Lambs look cute and cuddly in pictures, as they serenely eat along grassy hillsides. In reality, they are rather annoying and incredibly stinky. I didn’t like early morning wake-up calls to go outside and feed a pen full of bleating lambs, nor did I enjoy the chaos of livestock shows. So I soon discovered that what sounded like great fun prior to my enrollment in the 4-H livestock program turned out to be not to be quite my cup of tea.

My next 4-H project was the Foods and Nutrition project. I was so excited to spend time in the kitchen with my mother and grandmother. I was nine years old when I entered my first 4-H cooking contest, the egg cookery. My mother was probably as surprised as I was when I took the first place ribbon with my dessert. Later I went on to compete at the district level where I took another first place ribbon, before moving onto the state egg cookery contest where I placed second behind a high school senior.

In high school, I competed on a state level in the 4-H child development project, winning many ribbons and awards for the scope and depth of my project work. When I graduated from high school, I received a small 4-H scholarship to help offset the cost of my college books.

More than anything else I ever did, 4-H prepared me for my college experiences and gave me opportunities to practice real-world skills rather than receive just textbook knowledge.


Over the course of the past 30+ years, I’ve been a 4-H member, a 4-H club leader, a 4-H adult volunteer, and a 4-H Extension Agent.  But the hardest job I’ve ever had is that of being a 4-H mom.

I’ve got five kids who are all active 4-H’ers. From monthly meetings to service projects to competitions, not a week goes by when my family isn’t involved in some sort of 4-H related activity. Take this week for example, I’ve taken one child to help with a 4-H service project, sold and delivered 4-H strawberries, made a trip to the 4-H office to pick up meeting supplies, answered several phone calls and emails regarding our club’s upcoming 4-H field trip, and collected 4-H forms for upcoming awards night. Whew! I’m tired just typing all of that.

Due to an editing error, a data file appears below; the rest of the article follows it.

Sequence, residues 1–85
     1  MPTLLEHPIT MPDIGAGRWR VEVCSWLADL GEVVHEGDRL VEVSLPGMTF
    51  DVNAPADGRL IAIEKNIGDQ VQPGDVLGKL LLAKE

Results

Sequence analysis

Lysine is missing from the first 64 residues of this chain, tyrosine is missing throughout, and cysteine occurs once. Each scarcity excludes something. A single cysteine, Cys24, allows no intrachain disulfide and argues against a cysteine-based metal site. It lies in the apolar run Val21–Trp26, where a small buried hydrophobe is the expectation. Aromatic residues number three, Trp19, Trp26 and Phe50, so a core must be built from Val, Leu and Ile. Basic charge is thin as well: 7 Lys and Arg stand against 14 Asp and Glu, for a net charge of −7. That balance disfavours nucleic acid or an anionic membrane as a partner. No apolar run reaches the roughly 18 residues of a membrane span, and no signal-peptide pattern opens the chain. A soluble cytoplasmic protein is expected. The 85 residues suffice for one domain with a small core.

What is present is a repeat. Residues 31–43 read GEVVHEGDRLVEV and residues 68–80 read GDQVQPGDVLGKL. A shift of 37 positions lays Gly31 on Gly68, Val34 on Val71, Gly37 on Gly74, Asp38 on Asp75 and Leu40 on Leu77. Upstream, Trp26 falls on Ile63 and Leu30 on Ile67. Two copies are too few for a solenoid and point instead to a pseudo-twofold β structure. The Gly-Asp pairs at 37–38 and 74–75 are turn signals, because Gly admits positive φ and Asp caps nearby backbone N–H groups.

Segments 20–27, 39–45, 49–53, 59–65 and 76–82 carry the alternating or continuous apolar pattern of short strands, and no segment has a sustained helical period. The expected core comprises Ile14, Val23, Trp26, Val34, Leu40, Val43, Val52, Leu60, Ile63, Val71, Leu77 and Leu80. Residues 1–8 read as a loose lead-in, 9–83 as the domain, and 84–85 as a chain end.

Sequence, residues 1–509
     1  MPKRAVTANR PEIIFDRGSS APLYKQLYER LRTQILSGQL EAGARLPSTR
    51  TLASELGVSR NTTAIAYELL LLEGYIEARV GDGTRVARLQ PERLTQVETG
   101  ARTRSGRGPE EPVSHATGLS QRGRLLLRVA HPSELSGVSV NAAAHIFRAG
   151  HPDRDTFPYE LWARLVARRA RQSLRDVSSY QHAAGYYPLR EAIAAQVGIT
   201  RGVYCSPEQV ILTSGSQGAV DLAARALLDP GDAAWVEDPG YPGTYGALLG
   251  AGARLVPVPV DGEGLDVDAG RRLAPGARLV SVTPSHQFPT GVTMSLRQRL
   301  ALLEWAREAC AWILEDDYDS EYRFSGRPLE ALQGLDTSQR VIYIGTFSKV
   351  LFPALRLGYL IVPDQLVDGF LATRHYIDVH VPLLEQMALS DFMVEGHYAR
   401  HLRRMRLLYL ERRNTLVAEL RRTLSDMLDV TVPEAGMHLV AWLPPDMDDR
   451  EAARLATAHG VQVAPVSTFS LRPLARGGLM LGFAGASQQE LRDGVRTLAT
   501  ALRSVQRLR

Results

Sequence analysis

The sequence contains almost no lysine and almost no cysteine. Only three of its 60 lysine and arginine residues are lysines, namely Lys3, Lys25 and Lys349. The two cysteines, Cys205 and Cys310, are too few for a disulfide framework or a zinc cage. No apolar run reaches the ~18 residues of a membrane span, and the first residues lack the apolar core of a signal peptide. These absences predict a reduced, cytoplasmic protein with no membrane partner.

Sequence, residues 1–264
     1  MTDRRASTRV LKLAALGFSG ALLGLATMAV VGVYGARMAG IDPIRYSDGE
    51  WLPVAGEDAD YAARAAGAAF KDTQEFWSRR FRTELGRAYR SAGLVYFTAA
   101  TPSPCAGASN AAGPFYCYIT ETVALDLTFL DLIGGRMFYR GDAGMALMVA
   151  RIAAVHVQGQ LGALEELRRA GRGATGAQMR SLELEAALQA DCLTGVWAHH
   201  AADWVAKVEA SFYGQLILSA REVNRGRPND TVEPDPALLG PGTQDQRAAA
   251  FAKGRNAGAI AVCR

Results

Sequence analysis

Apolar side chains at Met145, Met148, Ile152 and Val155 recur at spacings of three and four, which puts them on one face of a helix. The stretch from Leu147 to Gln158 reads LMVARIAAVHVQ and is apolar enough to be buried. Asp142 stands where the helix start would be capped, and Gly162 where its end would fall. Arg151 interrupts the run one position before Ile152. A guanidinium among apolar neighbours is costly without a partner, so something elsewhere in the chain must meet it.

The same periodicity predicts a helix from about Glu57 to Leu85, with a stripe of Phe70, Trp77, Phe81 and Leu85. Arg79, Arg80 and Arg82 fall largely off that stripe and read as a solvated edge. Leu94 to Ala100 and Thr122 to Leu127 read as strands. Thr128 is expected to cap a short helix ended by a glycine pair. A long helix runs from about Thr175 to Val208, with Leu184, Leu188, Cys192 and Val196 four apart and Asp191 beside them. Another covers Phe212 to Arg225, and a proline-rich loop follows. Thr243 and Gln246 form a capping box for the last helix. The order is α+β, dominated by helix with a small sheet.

It’s hard work, but I know my children are learning valuable lessons that they will carry into adulthood.



This post is part of the 2015 A-to-Z Blogging Challenge. If you are visiting due to that, thanks so much for popping in to read today’s post. I hope you will leave me a comment so that I can return the visit to your blog. I love to connect with other bloggers and readers. If you are a regular reader, I hope you’ll stick with me during April when I blog about the stories of my faith.

Awards All Around

This week was pretty amazing for our family.

It all started Wednesday evening when Jon and I got word that our 14 year old son Joel was awarded a spot on the Louisiana State 4-H Citizenship Board.  This may not seem like a big deal to most people, but I recognize the hard work and diligent effort Joel made to earn this place of leadership. He had to fill out a lengthy application, write an essay and go through an interview process. Furthermore, he’s just an incoming (homeschooled) freshman … and now he is getting to serve on a state-wide board with a nationally recognized club!  It is a big deal!  Even if his understated response (all the way from Germany) was a very mellow, “cool,”  I’m his momma and I’m stinkin’ proud of that boy!

Joel, newly appointed to the Louisiana State 4-H Citizenship Board
Joel, newly appointed to the Louisiana State 4-H Citizenship Board

Then Thursday night Jon and I watched at our 15 year old daughter, Maddie, walk across a huge stage in front of a couple of thousand screaming teens to receive a Blue Ribbon Medal award in the Louisiana State  4-H Dog Science Contest at 4-H University. She worked hard, studying up on dog breeds recognized by the AKC and learning all about dog healthcare. She and I worked to plan, prepare, write and practice a six minute power point presentation on dog bites. Out of a field of close to 30 contestants, she placed 6th … how wonderful is that?! Again, I’m elated with my laid-back girl’s success in a state-level competition. We She worked hard for that medal, and I couldn’t be prouder of her efforts even if she had walked away as the state winner.